I think this argument does not hold water. In short form, the reason is because this ignores the point that the reason the U.S., Europe and similar geographies have historically emitted carbon dioxide is that these societies invented the modern economy. Along with all that carbon dioxide the West put in the air, it also invented polio vaccine, the limited liability corporation, the high-efficiency power turbine and so on. While the West made a ton of money selling these things to what we now call developing countries, there were and are huge externalities because inevitably a lot of this knowledge leaks. The West invented the basic tools for increasing wealth that the successful parts of the developing world are now using to escape poverty, and incidentally emit more carbon dioxide. It is less than obvious why we would select only one of these items, and determine that we have a moral duty to make reparations for it, without considering that the net global effect of the overall system that created these emissions has been extremely positive. Ask yourself this question: Would you rather be born at the median income level in Bangladesh today, or at the median income level in Bangladesh in the alternative world where the entire Northern Hemisphere had never escaped life at the subsistence level. That is, to live in a world of lower carbon emissions, but no Western science, none of the economic development inside Bangladesh that would not have occurred had the West not developed, no hospitals, no foreign aid, and no meaningful chance of ever changing the material conditions of your life? If advocates of Waxman Markey intend this to be, in effect, a voluntary increase of $80 billion dollars per year in spectacularly inefficient foreign aid for people not yet born in low-lying equatorial regions of the globe, they should be clearer about this. I have a long post that attempts to consider this more fully here.
Ryan moves on to a different argument:
Another tricky but important consideration is that whatever version of W-M passes is extremely unlikely to be the final word in climate policy. Obviously, there is no responsible way to build the potential for future emendations into a current cost-benefit analysis. Still, this should be taken into consideration.
I agree - both that one must consider that this is a long game with many steps, and that this is hard to do analytically. In the end, I think if one accepts the premise (as I do, for reasons described in detail in the posts of mine to which Ryan links; see here for a detailed version of my argument) that even a fully-formed international regime of emissions mitigation would destroy net economic value, it's very hard to see this long game ending up creating value. If one accepts the alternative premise (as does Ryan) this argument about option value seems pretty compelling. So really this becomes a debate about premises, and I continue to hold mine.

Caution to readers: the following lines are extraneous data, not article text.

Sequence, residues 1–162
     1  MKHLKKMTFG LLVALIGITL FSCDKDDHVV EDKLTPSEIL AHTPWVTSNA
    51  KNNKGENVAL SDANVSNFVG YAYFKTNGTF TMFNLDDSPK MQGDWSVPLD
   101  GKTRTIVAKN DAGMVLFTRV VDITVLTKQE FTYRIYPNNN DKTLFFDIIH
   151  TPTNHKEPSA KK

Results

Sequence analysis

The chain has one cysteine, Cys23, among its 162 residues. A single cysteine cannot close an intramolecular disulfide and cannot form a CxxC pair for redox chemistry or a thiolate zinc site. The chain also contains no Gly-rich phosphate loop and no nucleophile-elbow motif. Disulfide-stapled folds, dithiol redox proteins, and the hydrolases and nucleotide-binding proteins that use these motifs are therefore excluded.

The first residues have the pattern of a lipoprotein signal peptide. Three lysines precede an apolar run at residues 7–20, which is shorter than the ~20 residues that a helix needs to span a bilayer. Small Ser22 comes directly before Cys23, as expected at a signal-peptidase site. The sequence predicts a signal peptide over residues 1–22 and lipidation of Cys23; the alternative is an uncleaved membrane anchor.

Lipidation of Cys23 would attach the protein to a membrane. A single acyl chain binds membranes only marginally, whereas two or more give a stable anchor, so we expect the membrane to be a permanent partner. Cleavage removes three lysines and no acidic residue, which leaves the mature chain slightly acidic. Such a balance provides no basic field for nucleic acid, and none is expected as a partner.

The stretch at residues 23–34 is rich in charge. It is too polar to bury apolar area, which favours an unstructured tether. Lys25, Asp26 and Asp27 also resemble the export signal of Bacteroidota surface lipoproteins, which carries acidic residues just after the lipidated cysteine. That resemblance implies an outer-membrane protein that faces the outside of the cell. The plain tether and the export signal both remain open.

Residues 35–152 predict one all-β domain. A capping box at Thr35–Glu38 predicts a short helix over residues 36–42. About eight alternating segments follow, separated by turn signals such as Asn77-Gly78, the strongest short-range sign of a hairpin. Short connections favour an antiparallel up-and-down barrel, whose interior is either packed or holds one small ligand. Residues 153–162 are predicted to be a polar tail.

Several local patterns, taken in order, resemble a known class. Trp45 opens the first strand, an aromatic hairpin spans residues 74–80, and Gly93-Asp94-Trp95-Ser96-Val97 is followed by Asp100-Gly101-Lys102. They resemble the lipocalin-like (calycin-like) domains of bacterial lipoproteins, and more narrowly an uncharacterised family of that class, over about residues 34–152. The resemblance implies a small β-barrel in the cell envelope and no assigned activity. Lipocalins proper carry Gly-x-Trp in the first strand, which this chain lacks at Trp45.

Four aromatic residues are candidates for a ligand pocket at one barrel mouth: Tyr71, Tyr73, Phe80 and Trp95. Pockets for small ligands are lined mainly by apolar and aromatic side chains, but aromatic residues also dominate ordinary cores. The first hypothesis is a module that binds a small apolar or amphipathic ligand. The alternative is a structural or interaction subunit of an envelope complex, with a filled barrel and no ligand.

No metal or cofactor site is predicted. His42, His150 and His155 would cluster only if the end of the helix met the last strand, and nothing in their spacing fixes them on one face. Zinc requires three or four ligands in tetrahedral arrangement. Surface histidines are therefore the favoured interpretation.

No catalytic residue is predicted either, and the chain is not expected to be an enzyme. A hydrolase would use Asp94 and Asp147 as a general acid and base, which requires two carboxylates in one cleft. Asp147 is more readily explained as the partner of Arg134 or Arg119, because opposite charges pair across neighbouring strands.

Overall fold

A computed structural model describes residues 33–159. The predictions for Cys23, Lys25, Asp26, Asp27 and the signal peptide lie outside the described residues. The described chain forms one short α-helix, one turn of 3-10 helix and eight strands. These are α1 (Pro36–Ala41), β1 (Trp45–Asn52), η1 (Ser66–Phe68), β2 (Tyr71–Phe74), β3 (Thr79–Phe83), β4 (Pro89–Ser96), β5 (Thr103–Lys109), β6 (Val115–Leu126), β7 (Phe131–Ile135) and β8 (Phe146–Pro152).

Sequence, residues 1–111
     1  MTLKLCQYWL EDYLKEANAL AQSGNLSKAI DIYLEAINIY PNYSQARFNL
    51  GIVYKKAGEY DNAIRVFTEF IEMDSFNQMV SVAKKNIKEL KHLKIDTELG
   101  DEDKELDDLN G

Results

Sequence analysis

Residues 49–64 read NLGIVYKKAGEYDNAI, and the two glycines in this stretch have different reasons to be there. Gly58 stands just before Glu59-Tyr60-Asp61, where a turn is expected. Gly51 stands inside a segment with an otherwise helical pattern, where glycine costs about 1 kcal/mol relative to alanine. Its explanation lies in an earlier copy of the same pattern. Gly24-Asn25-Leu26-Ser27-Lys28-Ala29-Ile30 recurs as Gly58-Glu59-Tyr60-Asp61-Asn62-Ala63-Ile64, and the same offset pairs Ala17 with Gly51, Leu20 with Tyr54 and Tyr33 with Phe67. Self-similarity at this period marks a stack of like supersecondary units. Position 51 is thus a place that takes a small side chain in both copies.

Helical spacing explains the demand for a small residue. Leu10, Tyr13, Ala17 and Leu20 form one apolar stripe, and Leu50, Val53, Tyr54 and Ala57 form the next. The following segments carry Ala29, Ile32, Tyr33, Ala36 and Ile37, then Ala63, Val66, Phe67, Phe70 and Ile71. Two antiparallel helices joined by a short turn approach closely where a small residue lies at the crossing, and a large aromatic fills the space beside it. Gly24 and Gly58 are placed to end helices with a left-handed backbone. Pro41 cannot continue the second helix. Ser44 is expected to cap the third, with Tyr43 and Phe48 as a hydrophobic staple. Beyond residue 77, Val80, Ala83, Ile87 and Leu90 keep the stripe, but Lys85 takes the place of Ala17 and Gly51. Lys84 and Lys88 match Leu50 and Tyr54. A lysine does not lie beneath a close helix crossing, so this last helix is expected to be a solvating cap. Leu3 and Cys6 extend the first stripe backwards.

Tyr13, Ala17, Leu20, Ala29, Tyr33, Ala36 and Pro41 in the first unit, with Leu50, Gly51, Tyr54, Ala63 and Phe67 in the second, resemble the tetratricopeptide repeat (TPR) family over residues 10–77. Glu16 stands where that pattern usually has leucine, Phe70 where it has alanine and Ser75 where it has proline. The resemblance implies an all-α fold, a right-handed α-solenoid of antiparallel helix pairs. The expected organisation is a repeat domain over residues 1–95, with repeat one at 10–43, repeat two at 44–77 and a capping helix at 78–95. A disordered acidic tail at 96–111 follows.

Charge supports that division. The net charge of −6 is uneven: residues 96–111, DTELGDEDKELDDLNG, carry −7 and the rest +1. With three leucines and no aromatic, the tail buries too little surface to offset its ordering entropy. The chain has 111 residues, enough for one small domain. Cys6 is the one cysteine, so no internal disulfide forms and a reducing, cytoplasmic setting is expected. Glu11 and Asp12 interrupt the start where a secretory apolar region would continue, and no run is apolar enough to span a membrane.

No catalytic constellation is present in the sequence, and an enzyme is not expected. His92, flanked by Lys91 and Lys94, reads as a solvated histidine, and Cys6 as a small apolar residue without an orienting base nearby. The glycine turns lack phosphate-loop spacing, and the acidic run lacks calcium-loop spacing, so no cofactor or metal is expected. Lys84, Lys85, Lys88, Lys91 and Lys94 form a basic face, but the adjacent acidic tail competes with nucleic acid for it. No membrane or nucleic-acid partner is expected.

Ryan then goes on to his final argument:
Another knock on W-M is its effect on potential international negotiations. Manzi says we're giving away our trump card by preemptively limiting emissions. This is a little nuts. Recall, for starters, that an American emits five times more carbon than a Chinese person. Recall, also, that we've been emitting in this fashion for decades, during which period China has been very poor, and therefore not much of a contributor to climate change. If I were China, I'd be reluctant to even talk to America before they had a law on the table.
I think this conflates an argument about our moral duties with a separate argument about negotiating strategy to get what we want (whatever the moral provenance of these wants). For the reasons referenced above, I don't believe that the United States has a moral obligation to make reparations to the rest of the world for prior and ongoing CO2 emissions. Ryan goes on to say that those negotiating on our behalf say they want us to do this, but I've yet to see an argument for why, in a hard-headed view of negotiations, we are advantaged by unilaterally surrendering leverage without taking any concessions for it.